U.S. intelligence agencies concluded that Russia conducted a covert hacking operation to undermine the U.S. election process, which evolved into an attempt to help Trump win the White House. They also believe with "a high level of confidence" that Putin became personally involved in the campaign to interfere in the election.

The White House's connection with the Kremlin — and how deep it runs — remains under scrutiny, which has only ramped up last week when Mike Flynn resigned from his role as national security adviser after admitting to misleading Vice President Mike Pence and other senior administration officials about conversations he had with the Russian ambassador to the United States in December.

Secretary of State Rex Tillerson has no government or diplomatic experience, but boasts exceptionally close ties with Moscow and Putin.

And former Trump campaign manager Paul Manafort — who resigned in August amid questions about his ties to pro-Russia interests in Ukraine — told NBC News last week that he had "no contact knowingly with Russian intelligence officials." Manafort was reportedly one of the Trump campaign officials whose communications were investigated by the FBI, according to The New York Times.

During the election campaign, Trump spoke fondly of Putin. But earlier this month, Trump told Fox News' Bill O'Reilly that while he respects Putin "that doesn't mean I'm going to get along with him."

Meanwhile, the creation of a 9/11-style commission to investigate Russian interference in the presidential election has won bipartisan support.

The issue of Russia "is now a kind of banana skin for Trump — that's why we should avoid any kind of step that could damage Trump," said Fedorov. "Trump cannot come to a meeting with Putin as a loser — he must sort out his domestic problems first."

Fedorov added that Trump's "constant battle with the mass media" was "worrying us."

The U.S. president "is dancing on thin ice," he said. "It's a risky game."

A former prime minister under Putin said the Kremlin is taking no pleasure at Trump's struggles.

"Absolutely not — not laughing," Mikhail Kasyanov said. "The situation is very serious and the whole of [Putin's] team, they are nervous."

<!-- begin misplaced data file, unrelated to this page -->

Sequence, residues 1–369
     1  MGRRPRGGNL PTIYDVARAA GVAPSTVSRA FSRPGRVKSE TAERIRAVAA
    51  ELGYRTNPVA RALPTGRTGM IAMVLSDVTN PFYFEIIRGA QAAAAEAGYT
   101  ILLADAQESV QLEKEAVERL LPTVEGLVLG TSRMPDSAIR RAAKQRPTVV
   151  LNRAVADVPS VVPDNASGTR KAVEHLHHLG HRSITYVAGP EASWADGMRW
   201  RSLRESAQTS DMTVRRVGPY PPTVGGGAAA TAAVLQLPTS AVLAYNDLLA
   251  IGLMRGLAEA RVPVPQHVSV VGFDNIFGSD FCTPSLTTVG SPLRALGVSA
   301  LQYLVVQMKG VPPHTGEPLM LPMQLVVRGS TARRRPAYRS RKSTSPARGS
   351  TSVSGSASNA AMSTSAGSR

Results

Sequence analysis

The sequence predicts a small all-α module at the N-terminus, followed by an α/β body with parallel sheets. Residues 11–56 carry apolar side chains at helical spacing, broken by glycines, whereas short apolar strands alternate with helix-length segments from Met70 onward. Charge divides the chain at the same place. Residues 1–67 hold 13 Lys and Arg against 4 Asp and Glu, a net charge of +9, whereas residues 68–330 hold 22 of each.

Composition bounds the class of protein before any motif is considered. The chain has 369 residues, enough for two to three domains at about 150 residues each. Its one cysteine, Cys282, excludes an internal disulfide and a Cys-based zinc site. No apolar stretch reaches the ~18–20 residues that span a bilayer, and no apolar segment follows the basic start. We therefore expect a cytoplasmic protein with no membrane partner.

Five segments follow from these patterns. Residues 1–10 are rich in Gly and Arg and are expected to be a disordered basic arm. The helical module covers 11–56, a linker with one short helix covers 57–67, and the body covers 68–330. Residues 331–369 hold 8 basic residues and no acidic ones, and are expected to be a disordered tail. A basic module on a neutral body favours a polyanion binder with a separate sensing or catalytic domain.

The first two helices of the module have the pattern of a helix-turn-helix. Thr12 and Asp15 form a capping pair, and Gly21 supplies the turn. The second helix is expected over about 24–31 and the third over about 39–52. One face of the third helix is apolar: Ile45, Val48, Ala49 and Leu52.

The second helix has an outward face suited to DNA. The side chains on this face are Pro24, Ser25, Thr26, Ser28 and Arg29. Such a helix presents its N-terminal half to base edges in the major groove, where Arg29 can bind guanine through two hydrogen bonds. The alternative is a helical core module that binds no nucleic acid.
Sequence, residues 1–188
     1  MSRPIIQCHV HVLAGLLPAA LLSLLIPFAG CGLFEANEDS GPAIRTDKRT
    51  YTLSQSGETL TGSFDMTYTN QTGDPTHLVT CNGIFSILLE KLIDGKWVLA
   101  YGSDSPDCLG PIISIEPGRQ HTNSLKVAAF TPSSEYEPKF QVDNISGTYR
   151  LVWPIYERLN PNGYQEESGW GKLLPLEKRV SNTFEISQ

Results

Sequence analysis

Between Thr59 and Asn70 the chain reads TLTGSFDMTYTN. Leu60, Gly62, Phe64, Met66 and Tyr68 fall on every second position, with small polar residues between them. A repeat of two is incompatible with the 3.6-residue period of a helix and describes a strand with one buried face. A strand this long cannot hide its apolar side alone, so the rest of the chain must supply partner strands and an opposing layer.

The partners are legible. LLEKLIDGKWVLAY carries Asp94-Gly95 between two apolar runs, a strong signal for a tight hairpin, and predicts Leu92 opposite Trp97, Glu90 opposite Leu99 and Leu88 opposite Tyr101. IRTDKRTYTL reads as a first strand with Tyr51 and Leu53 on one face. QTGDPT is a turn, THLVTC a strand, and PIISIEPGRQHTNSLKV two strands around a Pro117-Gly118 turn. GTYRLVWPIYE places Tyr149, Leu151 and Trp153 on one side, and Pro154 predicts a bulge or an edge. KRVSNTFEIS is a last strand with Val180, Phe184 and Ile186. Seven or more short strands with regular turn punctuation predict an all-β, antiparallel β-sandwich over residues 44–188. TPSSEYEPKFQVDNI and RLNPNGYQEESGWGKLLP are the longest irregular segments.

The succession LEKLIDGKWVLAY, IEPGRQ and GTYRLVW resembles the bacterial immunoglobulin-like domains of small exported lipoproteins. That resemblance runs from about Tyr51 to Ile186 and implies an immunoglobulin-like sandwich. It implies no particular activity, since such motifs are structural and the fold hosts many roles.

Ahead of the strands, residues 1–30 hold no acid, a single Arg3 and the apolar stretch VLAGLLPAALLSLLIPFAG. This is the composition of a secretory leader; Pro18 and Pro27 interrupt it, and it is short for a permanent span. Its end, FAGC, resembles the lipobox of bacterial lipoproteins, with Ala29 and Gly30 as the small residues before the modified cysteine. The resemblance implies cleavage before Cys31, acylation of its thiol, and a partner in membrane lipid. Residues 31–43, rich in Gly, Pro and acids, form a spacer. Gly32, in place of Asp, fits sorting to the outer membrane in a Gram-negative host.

13 PHOTOS
Scenes from President Trump's 2/16 press conference
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Scenes from President Trump's 2/16 press conference
US President Donald Trump speaks during a press conference on February 16, 2017, at the White House in Washington, DC. / AFP / Nicholas Kamm (Photo credit should read NICHOLAS KAMM/AFP/Getty Images)
US President Donald Trump speaks during a press conference on February 16, 2017, at the White House in Washington, DC. / AFP / Nicholas Kamm (Photo credit should read NICHOLAS KAMM/AFP/Getty Images)
CNN reporter Jim Acosta (Rear) listens to a question from Fox News Channel reporter John Roberts during a news conference by U.S. President Donald Trump at the White House in Washington, U.S., February 16, 2017. REUTERS/Carlos Barria
Vice Preisdent Mike Pence (L) and other White House staff and advisors including counselor Kellyanne Conway (R) listen during a news conference by U.S. President Donald Trump at the White House in Washington, U.S., February 16, 2017. REUTERS/Carlos Barria
U.S. President Donald Trump takes questions during a news conference at the White House in Washington, U.S., February 16, 2017. REUTERS/Carlos Barria
U.S. U.S. Vice President Mike Pence (C) laughs along with Senior Advisor Jared Kushner (L) during a news conference by U.S. President Donald Trump at the White House in Washington, U.S., February 16, 2017. REUTERS/Carlos Barria
Reporters shout questions during a news conference by U.S. President Donald Trump at the White House in Washington, U.S., February 16, 2017. REUTERS/Carlos Barria
U.S. President Donald Trump holds a news conference at the White House in Washington, U.S., February 16, 2017. REUTERS/Kevin Lamarque
U.S. President Donald Trump answers questions during a news conference at the White House in Washington, U.S., February 16, 2017. REUTERS/Kevin Lamarque
Omarosa (C), White House director of communications for the Office of Public Liaison, takes a selfie prior to a news conference by U.S. President Donald Trump at the White House in Washington, U.S., February 16, 2017. REUTERS/Kevin Lamarque
Vice President Mike Pence (L-R), Senior Advisor Jared Kushner, Chief of Staff Reince Priebus and Special Assistant Boris Epshteyn (R) all laugh at a response from U.S. President Donald Trump during a news conference at the White House in Washington, U.S., February 16, 2017. REUTERS/Carlos Barria
CNN reporter Jim Acosta asks a question during a news conference by U.S. President Donald Trump at the White House in Washington, U.S., February 16, 2017. REUTERS/Carlos Barria
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Many in the Kremlin believe hardliners in America — in Congress and the military — want to sabotage the president and his plans for better ties with Russia.

Some even talk of a conspiracy against Trump. Markov, the former lawmaker, told NBC News that he believes America's intelligence services "want to overthrow President Trump in a coup" because of his desire to improve relations with Russia.

Flynn was a victim of U.S. intelligence services, according to Markov.

So while many in Russia celebrated Trump's election, the mood in Moscow was changing from delight at Trump's election to doubt about his ability to deliver on a better relationship with Russia, he added.

"Donald Trump has done nothing good for Russia, nothing," Markov said. "But they already attack him."